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Perfect Albums

Album, the word may evoke a creaky, leather-vinyl, cardboard tome with faded Polaroids, instamatics, and school portraits. It may remind one of a black gold-based vinyl disc spinning at 33 1/3 revolutions per minute. It does not always remind one of a smaller, shiny disc full of digits unleashed by a laser. But all are albums; they are collections which is what the word means. So even a playlist is an album. For me music is a vital part of the word album. As many know the music industry continues to die a slow death. The single has returned with a vengeance. Pushing eight or more songs in conjunction with the one or two songs a consumer wanted is harder to do. Some might argue that most of those songs were crap anyway, and they are often correct. Still, there are albums, concept albums, that defied this model. Those albums were works of art. The musicians took you somewhere as they told a story. The Beatles and Pink Floyd leap to mind as strong examples of this approach across several albums. In jazz Miles Davis did quite well. More recently, The Smashing Pumpkins’ Mellon Collie and the Infinite Sadness is quite good.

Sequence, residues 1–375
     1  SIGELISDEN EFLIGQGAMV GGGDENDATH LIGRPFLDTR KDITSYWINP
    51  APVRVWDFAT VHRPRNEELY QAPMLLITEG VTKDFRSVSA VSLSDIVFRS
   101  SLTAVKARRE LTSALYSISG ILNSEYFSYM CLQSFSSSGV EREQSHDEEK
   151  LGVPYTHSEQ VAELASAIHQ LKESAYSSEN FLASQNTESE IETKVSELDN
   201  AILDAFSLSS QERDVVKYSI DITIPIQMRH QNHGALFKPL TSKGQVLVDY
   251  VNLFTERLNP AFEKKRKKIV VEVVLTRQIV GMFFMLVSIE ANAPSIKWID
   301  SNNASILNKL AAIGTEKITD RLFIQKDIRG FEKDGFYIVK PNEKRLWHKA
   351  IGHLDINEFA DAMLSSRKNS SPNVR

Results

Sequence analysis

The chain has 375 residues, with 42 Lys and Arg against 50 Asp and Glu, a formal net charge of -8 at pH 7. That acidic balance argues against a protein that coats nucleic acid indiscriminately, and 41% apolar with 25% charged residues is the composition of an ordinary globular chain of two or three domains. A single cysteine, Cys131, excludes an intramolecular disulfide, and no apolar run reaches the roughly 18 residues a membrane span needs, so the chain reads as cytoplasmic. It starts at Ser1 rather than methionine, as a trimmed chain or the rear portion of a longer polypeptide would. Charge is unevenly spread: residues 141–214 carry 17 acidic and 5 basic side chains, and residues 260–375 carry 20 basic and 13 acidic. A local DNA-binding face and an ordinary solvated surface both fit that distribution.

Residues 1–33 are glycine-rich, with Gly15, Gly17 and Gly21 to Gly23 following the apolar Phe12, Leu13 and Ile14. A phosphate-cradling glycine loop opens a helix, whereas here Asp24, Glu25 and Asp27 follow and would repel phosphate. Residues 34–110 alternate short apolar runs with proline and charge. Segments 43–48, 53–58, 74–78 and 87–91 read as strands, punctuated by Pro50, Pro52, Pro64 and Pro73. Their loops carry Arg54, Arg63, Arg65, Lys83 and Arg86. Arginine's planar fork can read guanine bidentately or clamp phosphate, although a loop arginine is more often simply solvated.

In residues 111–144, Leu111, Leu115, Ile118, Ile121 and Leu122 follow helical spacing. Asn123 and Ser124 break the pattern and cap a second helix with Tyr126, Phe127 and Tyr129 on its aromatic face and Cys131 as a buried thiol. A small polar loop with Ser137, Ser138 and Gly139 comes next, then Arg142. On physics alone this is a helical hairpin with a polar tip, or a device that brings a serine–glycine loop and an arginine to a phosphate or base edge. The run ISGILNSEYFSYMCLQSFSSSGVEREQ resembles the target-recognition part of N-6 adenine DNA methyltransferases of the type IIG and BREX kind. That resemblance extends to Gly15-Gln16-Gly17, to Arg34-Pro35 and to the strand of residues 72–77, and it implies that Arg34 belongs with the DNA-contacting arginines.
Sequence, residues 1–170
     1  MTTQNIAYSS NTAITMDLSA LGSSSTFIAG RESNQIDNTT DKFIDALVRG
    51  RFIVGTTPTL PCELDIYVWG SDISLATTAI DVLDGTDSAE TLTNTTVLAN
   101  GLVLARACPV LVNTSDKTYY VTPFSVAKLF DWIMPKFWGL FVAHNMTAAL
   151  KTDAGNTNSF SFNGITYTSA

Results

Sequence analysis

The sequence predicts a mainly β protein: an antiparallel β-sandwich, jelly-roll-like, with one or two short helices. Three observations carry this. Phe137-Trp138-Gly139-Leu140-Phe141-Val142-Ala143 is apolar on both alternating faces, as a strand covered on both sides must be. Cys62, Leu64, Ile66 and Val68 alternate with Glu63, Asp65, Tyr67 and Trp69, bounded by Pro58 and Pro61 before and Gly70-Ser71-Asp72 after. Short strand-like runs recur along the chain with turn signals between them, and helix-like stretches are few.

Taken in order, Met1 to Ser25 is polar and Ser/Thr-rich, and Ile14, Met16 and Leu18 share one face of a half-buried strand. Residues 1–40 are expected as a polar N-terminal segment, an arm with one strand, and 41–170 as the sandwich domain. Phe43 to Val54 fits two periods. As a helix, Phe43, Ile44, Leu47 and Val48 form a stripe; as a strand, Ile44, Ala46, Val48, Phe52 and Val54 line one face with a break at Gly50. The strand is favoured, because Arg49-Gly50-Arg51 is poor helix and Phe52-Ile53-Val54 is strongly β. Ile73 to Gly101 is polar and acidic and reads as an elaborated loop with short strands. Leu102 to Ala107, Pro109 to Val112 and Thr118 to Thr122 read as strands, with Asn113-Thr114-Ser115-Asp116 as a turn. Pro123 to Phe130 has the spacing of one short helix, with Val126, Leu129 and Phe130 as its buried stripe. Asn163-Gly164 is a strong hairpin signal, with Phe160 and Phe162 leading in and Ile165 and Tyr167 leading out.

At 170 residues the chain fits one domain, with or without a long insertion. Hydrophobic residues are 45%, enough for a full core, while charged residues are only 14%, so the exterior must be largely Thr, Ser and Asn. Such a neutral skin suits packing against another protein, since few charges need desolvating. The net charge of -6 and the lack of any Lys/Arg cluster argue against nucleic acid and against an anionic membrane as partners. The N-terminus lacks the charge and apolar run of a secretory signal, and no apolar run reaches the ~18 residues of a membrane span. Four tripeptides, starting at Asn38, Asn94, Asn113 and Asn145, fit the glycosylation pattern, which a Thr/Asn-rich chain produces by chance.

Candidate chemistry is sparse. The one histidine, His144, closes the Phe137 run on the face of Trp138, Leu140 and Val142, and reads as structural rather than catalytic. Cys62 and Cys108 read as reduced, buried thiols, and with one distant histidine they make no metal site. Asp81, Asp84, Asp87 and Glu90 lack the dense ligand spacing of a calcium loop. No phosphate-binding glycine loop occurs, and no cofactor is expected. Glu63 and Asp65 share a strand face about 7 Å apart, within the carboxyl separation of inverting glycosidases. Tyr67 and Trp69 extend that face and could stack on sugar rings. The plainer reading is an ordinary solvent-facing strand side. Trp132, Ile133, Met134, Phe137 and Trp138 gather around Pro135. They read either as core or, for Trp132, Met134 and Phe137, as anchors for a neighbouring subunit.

So here is my question: who else has created a true concept album? Put differently who else has created a perfect album which means you rarely, if ever, skip a song when listening to the album? I am sure there are recent examples and I have missed them. In addition, I am sure that there are older ones I have missed.

Here are some of mine; please share yours:

Abbey Road, The Beatles
Wish You Were Here, Pink Floyd
Kind of Blue, Miles Davis
Hounds of Love, Kate Bush
So, Peter Gabriel
Aja, Steel Dan
Nighthawks at the Diner, Tom Waits
Hotel California, The Eagles
Sea Change, Beck (another close call that I may revise)
The Flat Earth, Thomas Dolby (odd one, requires several listens to see how the less known songs make sense)